Syntax and Native Data Types

Let's get our hands dirty with native data types and common operations.

Syntax and native data types#

Clojure affords developers the standard collection of data types. All data structures are immutable. All data structures are manipulated using interfaces. This allows for easy interoperability with the underlying host.

In this module, we'll learn about native data types and some common operations. We suggest that you start the Clojure REPL and try these out for yourself. You can start the REPL using the clj command:

Reading Clojure code#

If you don't have a background in LISP, Clojure code will feel unnatural at first. This is because the brackets are in a different position.

In general, when you see a Clojure form like:

In your mind, you should think of it as a list where the first element is an operation to execute and other elements are arguments to that operation. This operation can be a function, a macro, or something else.

type function#

The type function tells us the native data type of a value or variable. It can be used as follows:

1 can be a variable or any other data type.

nil#

Any data type can be nil. The actual implementation of nil is dependent on the host. For Clojure, it's Java's null, for ClojureScript it's JavaScript's null.

The logical value of nil is false.

You can determine if a variable is nil by using the nil? function. A function suffixed with a question mark ? is conventionally a predicate.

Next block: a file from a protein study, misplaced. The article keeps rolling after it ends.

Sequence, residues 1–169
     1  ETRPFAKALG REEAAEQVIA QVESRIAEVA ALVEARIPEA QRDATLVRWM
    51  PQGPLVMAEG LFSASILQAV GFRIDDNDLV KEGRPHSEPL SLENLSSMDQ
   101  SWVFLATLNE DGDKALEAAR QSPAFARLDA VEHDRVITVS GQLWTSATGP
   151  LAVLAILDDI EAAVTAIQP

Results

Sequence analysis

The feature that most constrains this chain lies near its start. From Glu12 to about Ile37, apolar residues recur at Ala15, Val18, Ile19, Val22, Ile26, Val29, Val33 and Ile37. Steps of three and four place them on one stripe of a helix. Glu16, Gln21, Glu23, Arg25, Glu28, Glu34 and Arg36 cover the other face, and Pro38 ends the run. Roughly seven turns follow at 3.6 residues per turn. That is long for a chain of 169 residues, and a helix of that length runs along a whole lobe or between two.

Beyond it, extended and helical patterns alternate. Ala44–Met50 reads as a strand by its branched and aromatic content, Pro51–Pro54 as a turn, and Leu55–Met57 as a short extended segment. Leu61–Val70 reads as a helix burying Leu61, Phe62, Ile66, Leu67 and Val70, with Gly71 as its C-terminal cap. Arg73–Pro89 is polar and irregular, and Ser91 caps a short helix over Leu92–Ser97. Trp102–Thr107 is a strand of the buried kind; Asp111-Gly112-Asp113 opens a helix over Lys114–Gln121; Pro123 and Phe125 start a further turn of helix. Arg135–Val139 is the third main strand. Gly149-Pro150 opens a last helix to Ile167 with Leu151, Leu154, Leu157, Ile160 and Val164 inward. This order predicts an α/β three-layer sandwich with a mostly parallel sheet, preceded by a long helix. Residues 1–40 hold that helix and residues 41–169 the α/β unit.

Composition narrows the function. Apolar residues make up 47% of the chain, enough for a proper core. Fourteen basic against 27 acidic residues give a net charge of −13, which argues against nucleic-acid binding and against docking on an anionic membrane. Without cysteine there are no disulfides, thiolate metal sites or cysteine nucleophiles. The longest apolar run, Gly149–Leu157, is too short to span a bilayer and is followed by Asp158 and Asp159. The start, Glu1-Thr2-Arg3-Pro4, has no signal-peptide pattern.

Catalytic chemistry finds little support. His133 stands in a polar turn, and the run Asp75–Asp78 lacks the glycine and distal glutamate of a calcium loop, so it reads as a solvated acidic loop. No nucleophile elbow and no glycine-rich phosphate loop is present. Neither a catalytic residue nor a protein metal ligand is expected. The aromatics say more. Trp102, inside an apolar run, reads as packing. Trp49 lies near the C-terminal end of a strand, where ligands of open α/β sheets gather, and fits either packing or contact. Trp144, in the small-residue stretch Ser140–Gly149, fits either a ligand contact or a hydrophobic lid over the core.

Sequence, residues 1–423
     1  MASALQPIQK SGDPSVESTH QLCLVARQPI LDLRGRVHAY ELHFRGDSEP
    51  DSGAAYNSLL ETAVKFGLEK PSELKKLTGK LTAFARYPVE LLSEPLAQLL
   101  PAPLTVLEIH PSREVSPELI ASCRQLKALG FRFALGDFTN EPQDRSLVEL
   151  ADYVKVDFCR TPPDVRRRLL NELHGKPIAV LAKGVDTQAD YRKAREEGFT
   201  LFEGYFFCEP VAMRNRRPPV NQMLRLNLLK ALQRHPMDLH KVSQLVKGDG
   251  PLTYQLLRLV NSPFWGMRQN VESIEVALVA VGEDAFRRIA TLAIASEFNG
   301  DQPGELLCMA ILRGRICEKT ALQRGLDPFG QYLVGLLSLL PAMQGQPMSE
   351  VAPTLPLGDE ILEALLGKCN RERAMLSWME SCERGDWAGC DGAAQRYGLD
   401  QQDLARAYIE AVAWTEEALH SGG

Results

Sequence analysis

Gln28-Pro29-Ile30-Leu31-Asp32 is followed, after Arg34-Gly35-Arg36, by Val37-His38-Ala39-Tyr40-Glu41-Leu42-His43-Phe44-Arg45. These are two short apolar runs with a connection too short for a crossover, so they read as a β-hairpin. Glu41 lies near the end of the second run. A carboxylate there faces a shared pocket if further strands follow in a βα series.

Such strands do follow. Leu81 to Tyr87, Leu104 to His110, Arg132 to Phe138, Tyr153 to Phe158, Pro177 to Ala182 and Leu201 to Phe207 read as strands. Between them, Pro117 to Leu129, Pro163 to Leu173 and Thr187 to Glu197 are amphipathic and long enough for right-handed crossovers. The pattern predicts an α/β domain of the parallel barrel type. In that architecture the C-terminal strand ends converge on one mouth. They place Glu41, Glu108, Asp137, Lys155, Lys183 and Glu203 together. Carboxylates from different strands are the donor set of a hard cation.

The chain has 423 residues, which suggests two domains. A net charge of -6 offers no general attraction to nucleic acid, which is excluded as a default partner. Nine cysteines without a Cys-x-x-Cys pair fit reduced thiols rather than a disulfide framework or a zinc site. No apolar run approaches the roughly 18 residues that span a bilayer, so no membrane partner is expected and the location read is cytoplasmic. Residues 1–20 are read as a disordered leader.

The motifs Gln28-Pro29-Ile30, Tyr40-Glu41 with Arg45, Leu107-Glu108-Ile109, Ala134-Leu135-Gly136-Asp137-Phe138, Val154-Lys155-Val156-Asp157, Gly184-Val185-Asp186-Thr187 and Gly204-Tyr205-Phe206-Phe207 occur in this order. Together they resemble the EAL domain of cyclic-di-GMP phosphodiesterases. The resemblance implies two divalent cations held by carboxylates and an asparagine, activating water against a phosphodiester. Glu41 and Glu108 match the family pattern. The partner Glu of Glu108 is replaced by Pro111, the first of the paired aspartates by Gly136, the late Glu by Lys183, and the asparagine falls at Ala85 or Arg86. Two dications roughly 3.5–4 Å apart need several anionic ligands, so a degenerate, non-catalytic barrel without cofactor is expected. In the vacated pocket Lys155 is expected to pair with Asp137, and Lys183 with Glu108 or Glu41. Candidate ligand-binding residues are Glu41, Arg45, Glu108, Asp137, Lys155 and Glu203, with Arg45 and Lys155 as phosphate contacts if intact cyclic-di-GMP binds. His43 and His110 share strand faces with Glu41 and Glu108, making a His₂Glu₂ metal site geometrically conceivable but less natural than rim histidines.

Boolean#

These represent logical true and false values. On the JVM these correspond to java.lang.boolean.TRUE and java.lang.boolean.FALSE respectively.

The functions true? and false? can be used to ascertain if a value is truthy or falsy.

Number#

Like all other data types, numbers are also just the host's implementation of numbers. However, the differences across hosts are ironed out. Leaving the implementation details aside, the following types of numbers are supported.

Long#

All numbers in Clojure are Long by default. You can check this in the REPL by using the type function.

Ratio#

Non-terminating decimals like 22/7 are stored as ratios. The data type for the ratio is clojure.lang.Ratio. This signifies that Ratio is a Clojure data type and not dependent on the host.

Clojure takes care of the implementation detail across hosts.

BigInt and BigDecimals#

In case a number is too large for the Long type, it can be suffixed with an N to signify clojure.lang.BigInt. For example 44N.

Numbers suffixed with M signify java.math.BigDecimal or the equivalent host implementation of Java's BigDecimal.

Clojure operations intelligently wrap and transform numbers into the correct data type. For example, if you divide 22 by 7 using the divide / function, you'll get a Ratio:

Did you notice how we nested two functions (type and /) together?

Common numerical functions#

Since Clojure has no concept of syntax, numerical operations that you expect from a language are implemented as functions.

For computation, we have +, -, *, /, min, max, quot, and rem.

Algebraic functions can take more than one argument:

The core also ships with the functions inc and dec which add or subtract 1 to a number respectively:

Common comparison functions are also baked into the core. These are ==, >, <, >=, <=, zero?, pos?, neg?.

Like arithmetic operators, some comparison operators also take more than one argument: